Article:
B.C. strata spent $22,000 on lawyers, loses case over inflatable hot tub | iNFOnews | Thompson-Okanagan's News Source
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B.C. strata spent $22,000 on lawyers, loses case over inflatable hot tub

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- This story was originally published Aug. 8, 2022.

A B.C. strata that spent $22,000 on lawyers has lost its case against a condo owner to remove their inflatable hot tub after the Civil Resolution Tribunal ruled the hot tub was "patio furniture" and therefore didn't break any rules.

According to an Aug. 2 Civil Resolution Tribunal decision, condo owners John Emmerton and Van Ortega placed an inflatable hot tub on their rooftop patio shortly after purchasing the unit in July 2021.

However, the strata Strata Plan BCS 3407 promptly sent the couple a bylaw violation letter saying that hot tubs weren't allowed on patios.

The Vancouver strata referenced its bylaw that stated that patios could only have "plants with saucers, patio furniture, and propane or electric BBQs."

However, the couple argued their inflatable hot tub was classed as "patio furniture" and therefore allowed.

The decision said the hot tub can be inflated or deflated within about five minutes, and it is easily folded and carried by two people when deflated. The hot tub runs off a standard electrical outlet and can be easily moved to different places on the patio.

"I find it is a piece of furniture in which the applicants can sit to use and enjoy the patio. I also find that it can be placed in different locations on the patio each time it is inflated and filled," the Tribunal ruled. "So, I find it is properly considered patio furniture."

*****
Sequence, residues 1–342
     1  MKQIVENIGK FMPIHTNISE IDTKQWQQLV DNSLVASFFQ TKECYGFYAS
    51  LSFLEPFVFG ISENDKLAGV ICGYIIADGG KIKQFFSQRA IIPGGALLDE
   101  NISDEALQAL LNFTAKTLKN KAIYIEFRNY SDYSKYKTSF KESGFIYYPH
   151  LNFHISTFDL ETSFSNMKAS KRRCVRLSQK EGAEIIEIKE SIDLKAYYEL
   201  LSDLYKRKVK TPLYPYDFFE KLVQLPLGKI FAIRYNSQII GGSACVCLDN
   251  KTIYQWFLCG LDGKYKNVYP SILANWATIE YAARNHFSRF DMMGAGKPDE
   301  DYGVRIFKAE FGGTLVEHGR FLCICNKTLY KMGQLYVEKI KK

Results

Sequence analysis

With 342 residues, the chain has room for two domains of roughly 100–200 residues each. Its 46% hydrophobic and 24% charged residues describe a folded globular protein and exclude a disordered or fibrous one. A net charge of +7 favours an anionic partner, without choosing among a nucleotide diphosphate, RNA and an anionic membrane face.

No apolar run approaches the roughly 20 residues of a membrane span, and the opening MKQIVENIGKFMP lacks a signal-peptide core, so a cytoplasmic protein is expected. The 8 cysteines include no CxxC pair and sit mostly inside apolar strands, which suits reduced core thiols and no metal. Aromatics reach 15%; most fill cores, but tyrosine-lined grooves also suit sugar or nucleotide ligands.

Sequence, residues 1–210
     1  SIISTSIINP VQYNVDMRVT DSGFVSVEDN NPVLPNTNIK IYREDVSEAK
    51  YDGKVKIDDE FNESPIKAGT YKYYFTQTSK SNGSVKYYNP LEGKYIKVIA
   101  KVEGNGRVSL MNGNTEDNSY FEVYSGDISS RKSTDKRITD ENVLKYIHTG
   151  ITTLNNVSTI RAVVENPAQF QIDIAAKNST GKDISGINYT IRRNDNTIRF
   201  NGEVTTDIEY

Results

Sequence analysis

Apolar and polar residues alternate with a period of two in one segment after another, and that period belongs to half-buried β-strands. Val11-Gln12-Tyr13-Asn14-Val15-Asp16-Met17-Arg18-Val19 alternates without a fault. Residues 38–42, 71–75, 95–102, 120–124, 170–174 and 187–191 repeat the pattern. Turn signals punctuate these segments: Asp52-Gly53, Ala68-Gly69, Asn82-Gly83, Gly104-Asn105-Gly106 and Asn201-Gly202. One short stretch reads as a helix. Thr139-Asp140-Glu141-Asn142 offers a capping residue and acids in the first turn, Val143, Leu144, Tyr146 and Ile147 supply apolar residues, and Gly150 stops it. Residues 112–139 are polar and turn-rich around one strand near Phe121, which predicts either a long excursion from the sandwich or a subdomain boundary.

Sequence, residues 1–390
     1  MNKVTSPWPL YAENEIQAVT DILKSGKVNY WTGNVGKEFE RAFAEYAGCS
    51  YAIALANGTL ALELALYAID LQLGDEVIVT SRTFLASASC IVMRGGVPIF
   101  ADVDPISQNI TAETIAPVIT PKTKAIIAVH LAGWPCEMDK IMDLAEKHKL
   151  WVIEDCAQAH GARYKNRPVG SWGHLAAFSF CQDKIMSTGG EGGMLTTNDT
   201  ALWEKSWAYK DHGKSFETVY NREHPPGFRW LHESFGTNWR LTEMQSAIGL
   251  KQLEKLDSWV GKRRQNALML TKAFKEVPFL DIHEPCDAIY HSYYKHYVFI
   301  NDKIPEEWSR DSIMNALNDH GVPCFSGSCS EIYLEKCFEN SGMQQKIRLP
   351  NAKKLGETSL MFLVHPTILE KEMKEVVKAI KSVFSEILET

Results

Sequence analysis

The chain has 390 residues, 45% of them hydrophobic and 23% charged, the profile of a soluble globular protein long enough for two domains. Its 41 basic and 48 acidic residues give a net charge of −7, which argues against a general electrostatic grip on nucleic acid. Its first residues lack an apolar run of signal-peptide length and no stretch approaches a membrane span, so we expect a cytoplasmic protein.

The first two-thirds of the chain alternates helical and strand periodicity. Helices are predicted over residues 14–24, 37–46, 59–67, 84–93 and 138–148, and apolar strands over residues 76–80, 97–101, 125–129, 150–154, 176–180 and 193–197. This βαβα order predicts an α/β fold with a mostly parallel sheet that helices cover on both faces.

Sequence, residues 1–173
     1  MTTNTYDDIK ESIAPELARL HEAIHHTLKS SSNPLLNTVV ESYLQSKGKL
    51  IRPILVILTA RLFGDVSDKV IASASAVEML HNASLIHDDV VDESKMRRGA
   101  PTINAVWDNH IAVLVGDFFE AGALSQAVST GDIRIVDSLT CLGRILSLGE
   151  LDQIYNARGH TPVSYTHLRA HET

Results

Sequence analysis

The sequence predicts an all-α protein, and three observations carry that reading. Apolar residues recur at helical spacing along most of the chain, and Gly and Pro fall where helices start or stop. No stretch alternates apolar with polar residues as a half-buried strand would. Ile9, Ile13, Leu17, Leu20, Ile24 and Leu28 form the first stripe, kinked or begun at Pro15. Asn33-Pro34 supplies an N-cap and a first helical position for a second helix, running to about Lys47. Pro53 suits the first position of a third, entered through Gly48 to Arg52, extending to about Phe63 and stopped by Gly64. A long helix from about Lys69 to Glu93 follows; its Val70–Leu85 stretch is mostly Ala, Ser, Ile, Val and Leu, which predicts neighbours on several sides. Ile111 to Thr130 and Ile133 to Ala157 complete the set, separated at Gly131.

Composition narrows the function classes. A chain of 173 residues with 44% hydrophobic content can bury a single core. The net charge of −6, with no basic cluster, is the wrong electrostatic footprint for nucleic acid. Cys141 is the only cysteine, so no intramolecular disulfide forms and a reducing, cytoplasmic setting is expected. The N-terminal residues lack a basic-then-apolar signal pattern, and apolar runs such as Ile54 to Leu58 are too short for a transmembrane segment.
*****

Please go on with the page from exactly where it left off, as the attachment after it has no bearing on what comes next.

The Tribunal ruled because the hot tub was patio furniture, the couple had not broken any bylaws.

In its complaint against the condo owners, the strata also referenced its "hazards and insurance" bylaw that states: "Everyone must protect strata lots and common property from all hazards and must not do anything or fail to do anything that could present a hazard to a strata lot."

However, the couple did their homework making sure the hot tub was safe.

In evidence submitted to the Tribunal, the couple showed that before installing the hot tub they obtained an engineering report, which stated that the condo rooftop deck was strong enough to allow for a hot tub.

READ MORE: Why a B.C condo owner won't have to pay $39K in strata fines

The strata also said it was concerned about draining the tub into the building's drains.

The couple then paid $1,000 for another engineering report to determine whether the drains could take the water.

The report found the drains were totally adequate and in the event that the hot tub failed completely and flooded the patio, the building could easily cope with the water.

The strata then referenced a bylaw that stated a patio must be of "good appearance."

"I find the photographic and video evidence of the patio... shows the applicants keep it clean and tidy, and the strata has provided no evidence to the contrary," the Tribunal ruled.

Ultimately, the Tribunal ruled the hot tub did not break any bylaws and ordered the strata to pay the couple $1,000 in dispute-related expenses for the second engineering report the couple obtained.

The strata argued as it had spent more than $22,000 in legal fees and it should be reimbursed.

However, the Tribunal ruled as it lost the case it wouldn't get a penny.

READ MORE: Kelowna strata issues $1,700 fine for tenants' charity car wash


To contact a reporter for this story, email Ben Bulmer or call (250) 309-5230 or email the editor. You can also submit photos, videos or news tips to the newsroom and be entered to win a monthly prize draw.

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